Donegal tactics could ruin game - Brennan
Dublin centre back Ger Brennan has admitted his team's All-Ireland semi-final against Donegal was a game that betrayed Gaelic football.
Speaking in an interview on the DVD 'Six Steps to Sam', a reflection of Dublin's All-Ireland winning season, Brennan is adamant it is a game he would rather forget.
In contrast, his manager Pat Gilroy said it was the most important afternoon of his team's development from the rubble of their defeat to Kerry in the 2009 All-Ireland semi-final. But Brennan has no fondness for the 0-8 to 0-6 win which featured a Donegal defensive system regularly enforced by 14 players.
"For me, it's a game I want to forget as a footballer, because it was awful to play against. It wasn't Gaelic football to me," he said.
"I didn't enjoy it. It wasn't Gaelic football the way it is supposed to be played. I know we are defensive ourselves, but that was something we had never faced before. It was like a different sport to be honest. It was like a soccer match. You would hope that this isn't the future. It would ruin the game.
"It's certainly effective, but it's ugly. When you look at Michael Murphy scoring 1-6 for his club a couple of weeks later in a county final, yet he was only within 30 metres of our goals twice in the game, it beggars belief.
"It's the style they have. It's something they are trying to implement and maybe he's trying to get defence right first. Maybe they'll introduce more attacking football."
He acknowledged the win over Donegal was the best reflection of the mental strength that transformed the team.
"Where we showed mental strength was that we kept doing what we were doing all year. Before we went into that game we spoke about that it might be just the last five minutes before we went a point up, so we knew we just had to keep doing what we were doing all year.
"We had reached a level of mental strength where we were the only team that could beat ourselves," he said.
"Against Cork in the semi-finals last year we panicked, we made bad errors. We should have closed it out. A lot of that came down to inexperience and panicking. Over Christmas we spent a lot of our time looking at the mental aspect of our game and how we could stamp out what happened against Cork."
For Gilroy, beauty is in the eye of the beholder however and Donegal told him everything he wanted to know about his team.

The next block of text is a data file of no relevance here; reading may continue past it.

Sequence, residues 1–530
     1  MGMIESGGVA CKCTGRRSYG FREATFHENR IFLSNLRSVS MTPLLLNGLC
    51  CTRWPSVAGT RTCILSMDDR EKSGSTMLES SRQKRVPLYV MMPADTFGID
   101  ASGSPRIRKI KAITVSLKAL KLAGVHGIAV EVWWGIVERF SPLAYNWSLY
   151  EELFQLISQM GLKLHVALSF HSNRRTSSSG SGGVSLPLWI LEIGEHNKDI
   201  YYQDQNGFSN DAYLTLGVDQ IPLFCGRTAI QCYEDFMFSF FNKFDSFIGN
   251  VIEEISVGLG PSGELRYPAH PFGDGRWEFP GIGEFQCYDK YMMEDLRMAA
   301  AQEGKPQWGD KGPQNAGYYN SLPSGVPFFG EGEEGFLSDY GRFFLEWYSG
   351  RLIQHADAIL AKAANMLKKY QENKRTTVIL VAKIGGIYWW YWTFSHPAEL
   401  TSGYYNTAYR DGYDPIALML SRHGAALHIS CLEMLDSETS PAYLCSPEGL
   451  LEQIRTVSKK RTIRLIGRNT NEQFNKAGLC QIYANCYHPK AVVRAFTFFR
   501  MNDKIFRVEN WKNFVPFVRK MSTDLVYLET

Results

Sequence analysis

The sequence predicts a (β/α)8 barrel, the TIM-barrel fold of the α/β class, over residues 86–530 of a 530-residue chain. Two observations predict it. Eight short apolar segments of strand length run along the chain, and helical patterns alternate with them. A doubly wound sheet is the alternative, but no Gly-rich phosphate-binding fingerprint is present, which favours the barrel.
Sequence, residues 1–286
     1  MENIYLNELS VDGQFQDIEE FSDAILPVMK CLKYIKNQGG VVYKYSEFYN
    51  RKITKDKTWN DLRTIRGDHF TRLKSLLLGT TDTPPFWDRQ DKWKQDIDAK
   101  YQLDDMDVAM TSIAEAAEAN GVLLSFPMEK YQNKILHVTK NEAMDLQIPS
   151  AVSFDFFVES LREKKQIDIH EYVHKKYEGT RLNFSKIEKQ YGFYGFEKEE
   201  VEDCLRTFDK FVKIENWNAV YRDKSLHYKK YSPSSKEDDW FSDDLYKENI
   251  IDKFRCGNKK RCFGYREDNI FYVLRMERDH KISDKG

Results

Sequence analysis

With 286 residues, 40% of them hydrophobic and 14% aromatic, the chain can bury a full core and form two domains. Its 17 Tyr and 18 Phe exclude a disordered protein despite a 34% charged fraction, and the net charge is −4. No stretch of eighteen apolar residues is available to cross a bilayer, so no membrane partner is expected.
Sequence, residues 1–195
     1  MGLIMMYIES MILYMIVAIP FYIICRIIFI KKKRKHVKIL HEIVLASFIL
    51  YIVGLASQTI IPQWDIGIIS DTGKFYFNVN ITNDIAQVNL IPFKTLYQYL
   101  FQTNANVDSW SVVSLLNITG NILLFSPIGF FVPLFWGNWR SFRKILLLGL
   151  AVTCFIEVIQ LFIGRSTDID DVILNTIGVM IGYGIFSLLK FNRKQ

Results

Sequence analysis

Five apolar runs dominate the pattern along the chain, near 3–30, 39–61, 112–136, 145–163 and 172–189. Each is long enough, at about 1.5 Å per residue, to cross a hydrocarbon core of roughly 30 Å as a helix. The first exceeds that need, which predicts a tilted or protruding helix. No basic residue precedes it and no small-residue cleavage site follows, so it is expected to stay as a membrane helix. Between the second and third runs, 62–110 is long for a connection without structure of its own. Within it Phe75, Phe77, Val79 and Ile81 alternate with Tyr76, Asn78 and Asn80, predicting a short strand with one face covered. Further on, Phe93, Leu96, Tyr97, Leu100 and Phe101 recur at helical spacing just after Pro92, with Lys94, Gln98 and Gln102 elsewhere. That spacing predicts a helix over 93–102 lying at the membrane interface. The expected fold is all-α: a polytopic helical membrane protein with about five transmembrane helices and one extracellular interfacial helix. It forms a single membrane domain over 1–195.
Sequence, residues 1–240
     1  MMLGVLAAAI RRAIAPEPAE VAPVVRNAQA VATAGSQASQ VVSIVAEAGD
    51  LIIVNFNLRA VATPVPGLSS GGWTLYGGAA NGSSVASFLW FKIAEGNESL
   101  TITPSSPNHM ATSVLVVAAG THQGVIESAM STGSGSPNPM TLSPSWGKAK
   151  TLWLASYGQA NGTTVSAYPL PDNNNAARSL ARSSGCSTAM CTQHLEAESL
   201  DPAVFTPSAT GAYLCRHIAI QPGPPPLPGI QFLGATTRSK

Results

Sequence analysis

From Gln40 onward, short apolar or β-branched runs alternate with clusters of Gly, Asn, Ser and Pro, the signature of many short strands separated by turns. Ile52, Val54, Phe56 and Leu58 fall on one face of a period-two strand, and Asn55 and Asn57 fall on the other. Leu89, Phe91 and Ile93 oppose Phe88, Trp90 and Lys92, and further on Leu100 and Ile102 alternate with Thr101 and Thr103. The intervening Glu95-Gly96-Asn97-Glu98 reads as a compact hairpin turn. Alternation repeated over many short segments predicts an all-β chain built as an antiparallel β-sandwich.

"The Tyrone game was a good performance by us, but if you move it on, the Donegal match we showed our most resolve. That was such a difficult situation and the team just stayed composed.
"Although the two performances were good performances, the Donegal one was better in terms of what we had to do that day. Mentally, what we had to do was break down a very good defensive team. For me, that was a big day for us."
Brennan admitted he had reason to be thankful to Eamon Fennell, who won the throw-in against Kieran Donaghy after Brennan had placed his hand in Donaghy's face having won a free.
"That incident at the end of the game, when I raised my hands, I was fouled and I wanted to take a quick free. It was a silly thing to do and it's one of those times when that red mist comes down on you. I was very lucky that Eamon Fennell went up and won that ball
"It was silly. It's something I have to continue to learn from. I know you can't put your hand out like that."
Gilroy is adamant in his belief that his players will look forward to 2012 with renewed vigour and has admitted that the departure of some of Dublin's big clubs so early in the championship could be a blessing in disguise. "I think they are getting a decent break. The clubs that had the largest representation on the panel have gone out of the championship earlier... That's a big advantage. It could work in our favour.
He also admitted to being taken by the reception of people to their win, not just within the confines of Dublin itself.
"It's only when you go down to places like Laois or Cavan and the reception is the same as you are getting in Dublin that you appreciate what you have done," he said.